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MP Bossio hosts climate change town hall

The fight against climate change is one of the most important fights of our generation, and future generations depend on us. If we do not act, our kids and grandkids will face a very different world, with rising seas, mass migration, poverty, and extinctions of the plants and animals we love.

This was the key message at a town hall held by MP Mike Bossio on Saturday, with over 80 constituents crowding Selby Hall.

Extreme weather events across Canada and the world are increasing—forest fires in the West, and tornadoes in Ottawa. Even here in our own community, droughts and floods that traditionally happen only rarely are becoming a common occurrence. Last year, extreme weather cost $1.9 billion in Canada. From 1990 until 2009, the average was $400 million a year. That number is only rising, and is estimated to be as high as $43 billion a year by 205, if we don’t act.

Farmers are unfortunately one of the first to suffer from the effects of climate change through severe weather events like drought and flood. When farmers can’t grow food, we are all in trouble. Through low-till or no-till practices, good stewardship, Environmental Farm Plans, and more, farmers make great efforts to fight climate change. To help, on-farm fuel has been exempt from the price on pollution.

Bossio highlighted the more than fifty new measures the government of Canada is taking to fight climate change, including the most effective one: putting a price on pollution. The Climate Action Incentive built into the price on pollution means that an average Ontario family of four will receive a $307 payment through their Income Tax and Benefit return this year.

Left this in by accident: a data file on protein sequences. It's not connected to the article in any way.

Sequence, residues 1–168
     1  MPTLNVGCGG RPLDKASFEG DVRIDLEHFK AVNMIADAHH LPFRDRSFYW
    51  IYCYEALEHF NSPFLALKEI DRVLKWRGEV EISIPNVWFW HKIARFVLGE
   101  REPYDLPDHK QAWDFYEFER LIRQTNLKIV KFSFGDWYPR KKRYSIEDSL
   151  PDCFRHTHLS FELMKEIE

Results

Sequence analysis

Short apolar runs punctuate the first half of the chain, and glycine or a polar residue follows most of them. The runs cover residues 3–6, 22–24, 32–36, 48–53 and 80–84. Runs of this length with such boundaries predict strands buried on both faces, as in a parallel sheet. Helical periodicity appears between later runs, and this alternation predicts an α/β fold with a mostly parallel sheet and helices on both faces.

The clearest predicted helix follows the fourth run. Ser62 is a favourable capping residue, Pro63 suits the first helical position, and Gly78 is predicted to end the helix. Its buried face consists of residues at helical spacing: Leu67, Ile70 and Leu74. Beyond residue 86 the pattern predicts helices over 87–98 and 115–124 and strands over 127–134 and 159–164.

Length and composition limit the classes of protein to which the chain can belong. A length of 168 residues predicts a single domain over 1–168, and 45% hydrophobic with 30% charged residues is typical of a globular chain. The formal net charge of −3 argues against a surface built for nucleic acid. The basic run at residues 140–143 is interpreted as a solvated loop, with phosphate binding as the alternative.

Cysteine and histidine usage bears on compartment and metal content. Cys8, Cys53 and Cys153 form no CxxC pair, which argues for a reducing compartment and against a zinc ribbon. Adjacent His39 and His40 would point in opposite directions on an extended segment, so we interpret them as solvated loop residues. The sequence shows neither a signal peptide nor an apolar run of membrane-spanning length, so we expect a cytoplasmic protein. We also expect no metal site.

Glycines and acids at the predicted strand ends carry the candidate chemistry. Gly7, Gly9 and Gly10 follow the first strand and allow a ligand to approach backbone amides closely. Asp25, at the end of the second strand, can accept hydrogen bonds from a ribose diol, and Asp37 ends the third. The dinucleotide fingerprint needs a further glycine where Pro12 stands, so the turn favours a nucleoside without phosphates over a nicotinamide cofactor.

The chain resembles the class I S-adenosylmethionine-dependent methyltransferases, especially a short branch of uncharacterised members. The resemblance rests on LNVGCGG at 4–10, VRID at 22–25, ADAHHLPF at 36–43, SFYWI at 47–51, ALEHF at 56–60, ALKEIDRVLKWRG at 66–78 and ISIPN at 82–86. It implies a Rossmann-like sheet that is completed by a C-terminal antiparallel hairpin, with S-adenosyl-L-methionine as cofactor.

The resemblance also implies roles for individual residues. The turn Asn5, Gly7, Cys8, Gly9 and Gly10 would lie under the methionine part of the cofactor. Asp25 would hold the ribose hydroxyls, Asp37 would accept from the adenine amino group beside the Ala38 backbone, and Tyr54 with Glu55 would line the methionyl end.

Other measures include action in such sectors as:

* Transportation
* Industry
* The Built Environment
* Electricity
* Forestry
* Waste
* Agriculture
* Adaptation and Climate Resilience
* Clean Tech and Innovation
* Government Leadership
* International Leadership

Locally, Bossio pointed to investments being made in public transit in Amherstview, Bancroft, Deseronto, and Centre Hastings.

Bossio pointed to local examples like Napanee’s FireRein, a company that creates an innovative plant-based fire suppressant. Companies like these are creating the jobs of tomorrow, and the government of Canada’s $325,000 local investment last year has helped this business grow. They are now looking to double their employees this year, creating more local jobs.

 

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